Q&A: What’s best F-150 to pull travel trailer?; is it necessary to replace ’02 Camry’s charcoal vapour canister?
Q: I am looking for some assistance in how to interpret horsepower and torque numbers.
I currently own a 2006 F150 (5.4 L) with an advertised HP of 300 @5,000 RPM and a torque of 365 @3,750 RPM.
I am thinking of purchasing a 2012 F150 (5.0 L) and it shows a HP of 360 @5,500 RPM and a torque of 380 @4,250 RPM. I use the truck to pull a travel trailer.
Currently, I can expect overdrive issues based on road grade/wind, so I am wondering if the newer model is a better ‘puller’ or am I just buying something which is inferior to what I already own?
Torque is viewed as an indicator of thrust but given RPM differences it clouds the issue.
Who in heck runs an engine at these RPM or is it a similar spread at say 2,500 RPM? Thanks much.
A: When towing, torque is what you really need to pull the load. You are correct in that it can be difficult to compare one vehicle to another unless you are able to compare the engine outputs at the same rpm.
When the manufacturers list torque and horsepower numbers, they show ‘Peak’ or maximum output and the rpm at which this is achieved at.
In realistic terms however, few drivers ever operate a vehicle continually at these rpm. What you need to do is compare the torque numbers at a typical cruising range — 1,800 to 2,500 rpm.
That would give you a better idea of what engine will tow better. You can find these numbers by looking at torque curve charts and the truck sales people at the dealership should have them available.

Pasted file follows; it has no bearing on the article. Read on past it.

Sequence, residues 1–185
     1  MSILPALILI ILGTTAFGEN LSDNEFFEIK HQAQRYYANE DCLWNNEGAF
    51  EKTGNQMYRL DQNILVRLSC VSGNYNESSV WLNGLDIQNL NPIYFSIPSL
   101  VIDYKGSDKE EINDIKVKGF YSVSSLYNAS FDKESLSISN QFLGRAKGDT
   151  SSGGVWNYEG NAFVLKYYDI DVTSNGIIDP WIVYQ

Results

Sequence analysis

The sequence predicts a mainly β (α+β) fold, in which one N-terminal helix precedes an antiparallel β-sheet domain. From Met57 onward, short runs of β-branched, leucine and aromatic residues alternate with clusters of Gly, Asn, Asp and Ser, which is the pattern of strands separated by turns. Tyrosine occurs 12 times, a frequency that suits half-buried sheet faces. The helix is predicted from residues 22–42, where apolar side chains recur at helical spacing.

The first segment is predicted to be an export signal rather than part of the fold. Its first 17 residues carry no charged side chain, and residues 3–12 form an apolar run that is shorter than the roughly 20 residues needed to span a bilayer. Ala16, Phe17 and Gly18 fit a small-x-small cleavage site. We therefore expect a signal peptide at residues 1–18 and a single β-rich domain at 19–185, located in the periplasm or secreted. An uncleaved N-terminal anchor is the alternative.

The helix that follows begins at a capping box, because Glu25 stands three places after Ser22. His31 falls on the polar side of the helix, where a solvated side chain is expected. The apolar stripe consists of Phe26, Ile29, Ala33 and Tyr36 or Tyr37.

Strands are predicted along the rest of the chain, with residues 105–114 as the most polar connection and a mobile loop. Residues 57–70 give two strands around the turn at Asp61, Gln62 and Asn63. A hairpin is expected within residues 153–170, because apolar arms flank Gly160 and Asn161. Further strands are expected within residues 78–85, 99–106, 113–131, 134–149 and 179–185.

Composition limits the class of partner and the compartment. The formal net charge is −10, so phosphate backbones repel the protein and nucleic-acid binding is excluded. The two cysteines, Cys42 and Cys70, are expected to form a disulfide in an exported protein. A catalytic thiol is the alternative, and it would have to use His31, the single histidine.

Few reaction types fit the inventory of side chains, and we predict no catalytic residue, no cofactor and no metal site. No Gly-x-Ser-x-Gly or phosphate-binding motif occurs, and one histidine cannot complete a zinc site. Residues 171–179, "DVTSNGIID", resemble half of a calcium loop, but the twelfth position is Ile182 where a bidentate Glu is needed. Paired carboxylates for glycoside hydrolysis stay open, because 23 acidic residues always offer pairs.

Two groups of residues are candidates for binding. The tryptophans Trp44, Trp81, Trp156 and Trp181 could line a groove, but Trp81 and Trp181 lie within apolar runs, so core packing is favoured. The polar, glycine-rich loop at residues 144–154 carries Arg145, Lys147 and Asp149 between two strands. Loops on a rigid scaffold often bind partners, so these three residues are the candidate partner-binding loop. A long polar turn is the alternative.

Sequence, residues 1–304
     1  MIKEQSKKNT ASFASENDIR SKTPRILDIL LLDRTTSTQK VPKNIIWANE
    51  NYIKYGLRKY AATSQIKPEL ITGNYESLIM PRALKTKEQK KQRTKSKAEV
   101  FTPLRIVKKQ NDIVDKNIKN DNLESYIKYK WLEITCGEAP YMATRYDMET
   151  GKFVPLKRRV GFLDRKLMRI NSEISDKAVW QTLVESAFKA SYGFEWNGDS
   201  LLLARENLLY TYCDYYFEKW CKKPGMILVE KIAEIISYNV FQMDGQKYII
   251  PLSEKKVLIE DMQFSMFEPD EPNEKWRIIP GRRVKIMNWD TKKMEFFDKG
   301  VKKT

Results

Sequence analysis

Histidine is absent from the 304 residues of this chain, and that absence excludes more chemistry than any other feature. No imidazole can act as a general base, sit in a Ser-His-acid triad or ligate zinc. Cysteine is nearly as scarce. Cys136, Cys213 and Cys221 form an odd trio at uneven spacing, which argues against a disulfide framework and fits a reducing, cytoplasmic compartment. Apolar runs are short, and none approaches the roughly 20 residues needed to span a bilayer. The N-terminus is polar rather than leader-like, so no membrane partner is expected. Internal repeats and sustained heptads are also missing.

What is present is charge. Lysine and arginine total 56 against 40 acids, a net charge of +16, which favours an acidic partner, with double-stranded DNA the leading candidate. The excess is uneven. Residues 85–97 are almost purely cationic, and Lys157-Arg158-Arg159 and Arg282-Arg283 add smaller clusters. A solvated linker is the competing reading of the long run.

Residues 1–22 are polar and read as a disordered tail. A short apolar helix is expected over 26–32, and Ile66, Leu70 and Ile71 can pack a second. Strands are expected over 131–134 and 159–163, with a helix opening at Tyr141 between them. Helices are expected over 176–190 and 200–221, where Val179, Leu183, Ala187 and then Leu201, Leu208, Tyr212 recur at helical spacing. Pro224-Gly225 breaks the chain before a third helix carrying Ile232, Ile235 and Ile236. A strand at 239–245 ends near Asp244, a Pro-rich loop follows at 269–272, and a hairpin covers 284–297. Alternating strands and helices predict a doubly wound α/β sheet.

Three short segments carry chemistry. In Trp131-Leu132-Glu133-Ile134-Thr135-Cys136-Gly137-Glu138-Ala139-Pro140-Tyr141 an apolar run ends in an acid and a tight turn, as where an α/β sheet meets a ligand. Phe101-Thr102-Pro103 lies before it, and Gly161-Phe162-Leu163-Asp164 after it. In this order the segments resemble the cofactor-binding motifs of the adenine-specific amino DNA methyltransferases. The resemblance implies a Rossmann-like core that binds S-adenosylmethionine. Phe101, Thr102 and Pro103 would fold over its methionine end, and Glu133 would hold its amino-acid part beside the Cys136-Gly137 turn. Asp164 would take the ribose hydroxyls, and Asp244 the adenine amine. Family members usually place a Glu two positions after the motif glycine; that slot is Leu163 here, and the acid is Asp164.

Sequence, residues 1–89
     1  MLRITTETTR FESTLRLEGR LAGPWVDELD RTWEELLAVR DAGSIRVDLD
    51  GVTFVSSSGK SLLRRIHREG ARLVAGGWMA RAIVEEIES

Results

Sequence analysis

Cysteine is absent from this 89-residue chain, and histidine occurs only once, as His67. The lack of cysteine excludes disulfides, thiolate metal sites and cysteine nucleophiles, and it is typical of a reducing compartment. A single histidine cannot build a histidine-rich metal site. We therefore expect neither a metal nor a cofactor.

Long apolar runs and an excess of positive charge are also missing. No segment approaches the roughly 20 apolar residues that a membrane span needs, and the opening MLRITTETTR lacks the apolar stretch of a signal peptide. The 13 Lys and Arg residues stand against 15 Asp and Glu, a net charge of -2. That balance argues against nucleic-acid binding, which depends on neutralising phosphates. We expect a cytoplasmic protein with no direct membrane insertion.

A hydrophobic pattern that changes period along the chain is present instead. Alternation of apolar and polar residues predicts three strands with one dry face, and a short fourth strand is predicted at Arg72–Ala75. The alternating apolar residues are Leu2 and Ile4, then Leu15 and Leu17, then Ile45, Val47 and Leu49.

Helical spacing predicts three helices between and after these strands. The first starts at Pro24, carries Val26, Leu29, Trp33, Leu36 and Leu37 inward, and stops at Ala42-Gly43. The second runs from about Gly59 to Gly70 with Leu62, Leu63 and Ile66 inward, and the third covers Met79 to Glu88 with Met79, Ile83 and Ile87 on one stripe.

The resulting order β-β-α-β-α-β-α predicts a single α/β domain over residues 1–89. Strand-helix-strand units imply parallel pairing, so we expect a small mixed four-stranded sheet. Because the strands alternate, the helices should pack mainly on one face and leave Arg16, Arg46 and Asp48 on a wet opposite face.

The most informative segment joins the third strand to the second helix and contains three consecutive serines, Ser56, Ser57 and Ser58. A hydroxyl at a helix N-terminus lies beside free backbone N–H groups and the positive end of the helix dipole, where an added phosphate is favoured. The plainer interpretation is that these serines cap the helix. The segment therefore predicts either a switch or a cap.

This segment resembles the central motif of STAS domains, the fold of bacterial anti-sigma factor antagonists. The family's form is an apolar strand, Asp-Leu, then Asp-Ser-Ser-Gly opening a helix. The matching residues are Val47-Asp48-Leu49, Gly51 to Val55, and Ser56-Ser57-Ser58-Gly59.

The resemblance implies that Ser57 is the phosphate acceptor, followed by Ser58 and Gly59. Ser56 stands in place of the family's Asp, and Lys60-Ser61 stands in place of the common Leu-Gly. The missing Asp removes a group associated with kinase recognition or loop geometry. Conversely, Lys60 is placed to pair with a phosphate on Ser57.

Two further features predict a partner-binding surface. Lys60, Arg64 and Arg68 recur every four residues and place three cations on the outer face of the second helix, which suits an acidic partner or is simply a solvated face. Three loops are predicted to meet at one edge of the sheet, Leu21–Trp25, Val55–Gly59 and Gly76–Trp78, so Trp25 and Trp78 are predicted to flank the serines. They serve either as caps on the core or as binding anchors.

I have driven both of these vehicles and I expect you wouldn’t get much better pulling from the 5.0-litre engine over the 5.4-L even though the torque numbers are higher. Instead, why not take a look at the 3.5-litre EcoBoost V6.
Many truck drivers like a V8 but this turbocharged V6 will give you better fuel economy when not pulling and it will out pull either V8 when you hook the trailer up.
The Ecoboost engine has a peak torque of 420 ft-lb at 2,500 rpm but achieves almost all of this starting at just 1800 rpm.
This would be my choice if I were pulling a trailer.
Q: I own a 2002 Toyota Camry LE, 4 cyl. which has 132,000 kilometres. Several days ago I noticed the Check Engine Light (CEL) came on but the car continued to perform without any problems.
A Toyota dealership performed a diagnostic check and determined that the charcoal vapour canister needs replacing.
At that time I did not proceed with the repair as I wanted to research this further. The canister is a special order item, which takes several days to obtain.
This suggests that the canister is not a common replacement item. I did some research on the internet and determined that canister failure is somewhat common to Camry’s in the 2002 to 2005 range.
My questions: is the canister really necessary to replace or can it be disabled without harming the performance of the vehicle?
Also, can the CEL be extinguished if the canister is disabled but still function when necessary if there is a different engine problem?
If necessary to replace does it have to be an OEM canister which, with labour, is quite expensive or are there aftermarket ones which can serve the purpose?
Is a used canister from an auto salvage yard a viable option?
A: First, the engine will perform OK without the canister but emissions will be high and the Check Engine light will remain on.
I am not aware of any aftermarket Toyota computer programs that would allow the CEL to work with everything else but ignore the canister issue so your best option is to replace the canister.
There are aftermarket canisters available if you wish to go that route.
You could also take your chance on a used one from an auto salvage yard but finding parts in good shape may be difficult.